It takes a certain type of person to deal with the peril. “It’s more than just going up there to say you’ve been there,” Rowland said. “You got to want to be there. You got to respect the ice. If you don’t respect the ice, you’re either going to get hurt or somebody else is going to die because of your stupidity.”

Even though he’s been trucking for decades, the Polar Bear doesn’t see an end in sight, especially now that he’s a reality TV celebrity. “I’ll probably do it until I’m not enjoying it, and I enjoy the s*** out of it right now,” he said. “I’ll probably do it for years to come yet. I mean it’s good money.”

By John Soltes / Publisher /

  • Ice Road Truckers airs  Sundays at 9 p.m. on The History Channel. Click here for more information.

John Soltes

John Soltes is an award-winning journalist. His writing has appeared in The New York Times, Earth Island Journal, The Hollywood Reporter, New Jersey Monthly and at, among other publications.

E-mail him at

10 thoughts on “Hugh Rowland, from ‘Ice Road Truckers,’ talks candidly about the dangers of his job

  • June 24, 2013 at 2:39 am

    Hugh is full of himself but can deliver and does not know no! If he was a little more easy on trucks bet he could make more money.
    I was pissed a bit, that idiot telling him to go home. Seems to be plenty of work, but could be wrong?
    Alex my favorite driver, would want to be like him if I drove!

    Good luck from disabled US Veteran.

  • June 30, 2013 at 3:41 pm

    Hugh, I’m a trucker from Pennsylvania. I admire your work ethic and I’m the same way. I’m 33 but have been driving for 13 years. My dad drove for over 30. It’s nice to see and know there are still real truckers out on the road. So many nowadays are lazy and don’t wanna work hard and keep going. There are too many guys on the road who don’t care. Wouldn’t stop to help you, wont let you in getting on the highways. People give you shit for being mean or whatever. I disagree. You are one of what’s left of a dying breed in our industry. I’m a fan and I respect you and what you do. Thank you and keep on rolling. God Bless

  • August 26, 2013 at 12:23 am

    I for 1 don’t care for Hugh Rowland cause every thing is so funny to him & I don’t like the way he drives his rigs & the way he treats the drivers & I’m glad that Art went over 2 Polar cause Mark treats his drivers & takes care of his rigs & every time Ice Truckers come on I root for Polar & it wasn’t right for him to back stab Mark by starting a business & going to ruin him I come from a family of truckers but I’m keeping my fingers cross & hope vp goes out of business Hugh is so full of himself & I wish that he goes out of business & doesn’t come back on the next Ice Truckers & his laughter reminds me of a hyena so Polar keep going on u have already shown me u r better then VP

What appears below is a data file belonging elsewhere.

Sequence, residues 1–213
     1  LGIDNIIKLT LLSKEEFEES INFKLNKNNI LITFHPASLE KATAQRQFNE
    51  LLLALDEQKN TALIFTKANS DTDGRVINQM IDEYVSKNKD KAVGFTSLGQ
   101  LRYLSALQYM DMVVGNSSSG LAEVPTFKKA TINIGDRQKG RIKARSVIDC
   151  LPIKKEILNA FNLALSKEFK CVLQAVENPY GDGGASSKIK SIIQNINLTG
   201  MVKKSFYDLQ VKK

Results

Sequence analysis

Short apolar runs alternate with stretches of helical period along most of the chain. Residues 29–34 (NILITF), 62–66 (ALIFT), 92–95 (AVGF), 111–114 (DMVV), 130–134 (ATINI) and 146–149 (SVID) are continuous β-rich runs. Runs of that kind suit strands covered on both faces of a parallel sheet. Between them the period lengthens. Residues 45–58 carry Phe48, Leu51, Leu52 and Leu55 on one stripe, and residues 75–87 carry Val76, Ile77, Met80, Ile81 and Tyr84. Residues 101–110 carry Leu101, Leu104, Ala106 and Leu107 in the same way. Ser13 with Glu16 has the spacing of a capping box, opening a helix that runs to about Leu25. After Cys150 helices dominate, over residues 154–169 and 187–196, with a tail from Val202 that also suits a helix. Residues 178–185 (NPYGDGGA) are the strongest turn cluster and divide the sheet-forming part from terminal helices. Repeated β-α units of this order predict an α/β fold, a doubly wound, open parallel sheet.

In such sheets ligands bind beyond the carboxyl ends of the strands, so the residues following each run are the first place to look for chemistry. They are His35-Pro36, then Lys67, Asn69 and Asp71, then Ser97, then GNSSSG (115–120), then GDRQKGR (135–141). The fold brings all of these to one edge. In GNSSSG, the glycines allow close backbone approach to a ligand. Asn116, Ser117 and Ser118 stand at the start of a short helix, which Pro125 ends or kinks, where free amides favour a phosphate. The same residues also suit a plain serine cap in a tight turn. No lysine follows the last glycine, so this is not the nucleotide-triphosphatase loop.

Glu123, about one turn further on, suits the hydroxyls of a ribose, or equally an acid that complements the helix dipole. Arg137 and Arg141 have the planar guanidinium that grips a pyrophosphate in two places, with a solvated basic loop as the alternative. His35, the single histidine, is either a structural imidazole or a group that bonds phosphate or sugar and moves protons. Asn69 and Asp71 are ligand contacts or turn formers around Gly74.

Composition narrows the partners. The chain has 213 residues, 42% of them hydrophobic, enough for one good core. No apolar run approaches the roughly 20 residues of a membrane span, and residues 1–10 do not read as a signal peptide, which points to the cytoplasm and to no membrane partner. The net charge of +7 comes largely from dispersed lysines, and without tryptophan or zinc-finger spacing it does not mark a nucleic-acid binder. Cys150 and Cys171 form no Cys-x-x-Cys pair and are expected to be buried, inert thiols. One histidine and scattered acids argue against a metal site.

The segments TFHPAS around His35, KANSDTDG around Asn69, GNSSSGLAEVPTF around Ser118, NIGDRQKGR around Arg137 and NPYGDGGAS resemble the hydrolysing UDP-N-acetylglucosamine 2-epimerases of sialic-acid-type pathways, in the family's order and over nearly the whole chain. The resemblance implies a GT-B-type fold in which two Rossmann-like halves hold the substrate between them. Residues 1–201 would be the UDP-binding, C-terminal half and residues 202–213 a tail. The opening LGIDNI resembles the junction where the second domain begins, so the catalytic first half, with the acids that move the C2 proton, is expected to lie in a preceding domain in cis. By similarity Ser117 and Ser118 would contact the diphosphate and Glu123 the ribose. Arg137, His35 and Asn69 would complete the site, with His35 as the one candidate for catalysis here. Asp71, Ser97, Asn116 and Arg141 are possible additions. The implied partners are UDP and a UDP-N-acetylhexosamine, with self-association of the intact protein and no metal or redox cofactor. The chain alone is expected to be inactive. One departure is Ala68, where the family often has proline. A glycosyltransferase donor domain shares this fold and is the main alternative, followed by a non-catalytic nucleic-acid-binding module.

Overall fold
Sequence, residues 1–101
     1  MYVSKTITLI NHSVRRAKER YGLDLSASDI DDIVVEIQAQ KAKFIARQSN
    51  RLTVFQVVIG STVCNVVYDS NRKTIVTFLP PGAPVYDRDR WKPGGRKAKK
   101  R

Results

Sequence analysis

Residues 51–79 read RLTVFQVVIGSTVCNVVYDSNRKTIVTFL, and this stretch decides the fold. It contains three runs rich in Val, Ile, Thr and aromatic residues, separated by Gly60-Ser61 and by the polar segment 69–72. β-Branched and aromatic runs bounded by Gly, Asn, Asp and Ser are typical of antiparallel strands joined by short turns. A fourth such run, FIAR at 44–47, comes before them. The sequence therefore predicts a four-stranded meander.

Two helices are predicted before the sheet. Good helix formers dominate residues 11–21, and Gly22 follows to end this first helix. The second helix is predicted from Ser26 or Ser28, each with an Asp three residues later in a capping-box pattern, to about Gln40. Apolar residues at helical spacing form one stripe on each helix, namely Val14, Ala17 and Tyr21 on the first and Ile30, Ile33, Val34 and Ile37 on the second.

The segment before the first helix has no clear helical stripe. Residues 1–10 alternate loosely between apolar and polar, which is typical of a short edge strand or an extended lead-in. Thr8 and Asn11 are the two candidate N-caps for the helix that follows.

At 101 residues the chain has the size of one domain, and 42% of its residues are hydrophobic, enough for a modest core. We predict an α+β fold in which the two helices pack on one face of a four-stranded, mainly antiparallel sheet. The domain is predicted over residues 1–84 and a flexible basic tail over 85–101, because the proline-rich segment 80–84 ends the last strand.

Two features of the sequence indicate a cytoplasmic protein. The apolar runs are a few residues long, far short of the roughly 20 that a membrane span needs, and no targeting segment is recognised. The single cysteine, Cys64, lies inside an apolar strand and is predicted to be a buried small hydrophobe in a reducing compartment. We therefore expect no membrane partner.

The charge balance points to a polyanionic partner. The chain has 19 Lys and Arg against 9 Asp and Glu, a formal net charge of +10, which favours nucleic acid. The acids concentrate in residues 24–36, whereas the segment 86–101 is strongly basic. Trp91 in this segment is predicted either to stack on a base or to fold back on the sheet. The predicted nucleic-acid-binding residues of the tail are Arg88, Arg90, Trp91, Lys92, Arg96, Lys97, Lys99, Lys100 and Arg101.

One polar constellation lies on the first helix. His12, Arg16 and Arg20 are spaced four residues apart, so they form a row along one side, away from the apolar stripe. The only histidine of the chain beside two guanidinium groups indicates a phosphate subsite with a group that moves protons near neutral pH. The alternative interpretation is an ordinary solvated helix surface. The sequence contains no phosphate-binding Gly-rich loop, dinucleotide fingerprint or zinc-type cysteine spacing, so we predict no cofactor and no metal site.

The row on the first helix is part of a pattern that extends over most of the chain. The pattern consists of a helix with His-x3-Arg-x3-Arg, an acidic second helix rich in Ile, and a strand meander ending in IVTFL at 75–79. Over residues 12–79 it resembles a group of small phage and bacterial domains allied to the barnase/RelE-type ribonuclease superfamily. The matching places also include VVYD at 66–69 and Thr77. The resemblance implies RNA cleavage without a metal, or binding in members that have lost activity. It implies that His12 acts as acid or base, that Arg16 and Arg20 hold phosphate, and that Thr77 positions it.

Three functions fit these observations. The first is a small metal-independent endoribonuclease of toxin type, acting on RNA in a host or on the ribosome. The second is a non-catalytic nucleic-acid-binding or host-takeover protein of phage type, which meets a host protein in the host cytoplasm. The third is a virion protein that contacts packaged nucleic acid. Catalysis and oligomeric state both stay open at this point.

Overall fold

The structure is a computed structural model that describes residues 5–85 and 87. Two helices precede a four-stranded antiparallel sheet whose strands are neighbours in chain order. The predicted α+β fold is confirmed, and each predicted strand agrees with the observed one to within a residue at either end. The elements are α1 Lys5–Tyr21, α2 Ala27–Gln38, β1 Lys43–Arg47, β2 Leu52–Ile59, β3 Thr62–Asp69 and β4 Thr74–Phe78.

• October 16, 2013 at 9:54 pm

    Hugh Rowland is an ass I know a lot if drivers excellent drivers and they are not like him at all. They have brains and people with intelligence don’t act like children. I like the show but question why they keep an idiot like Hugh with no brains around he ruins what the show could be. I know many people who would watch if they took nb nuts off.

  • August 28, 2014 at 8:48 pm

    Do you have someone in the truck with you or just a camera when on the road

  • September 21, 2016 at 1:19 am

    Is hugh Rowland off the air on Ice Road Truckers??

  • March 16, 2017 at 4:28 am

    Hugh… keep up the works… love to read about a guy who dares the elements…best wishes

  • March 16, 2017 at 4:33 am

    Hugh…check on you everyday to make sure you are still going strong… take care big guy

  • March 16, 2017 at 4:38 am

    Hey Hugh… we pray for you… driving this kind of roads needs guts…. and you big guy can do it…. God be with you always…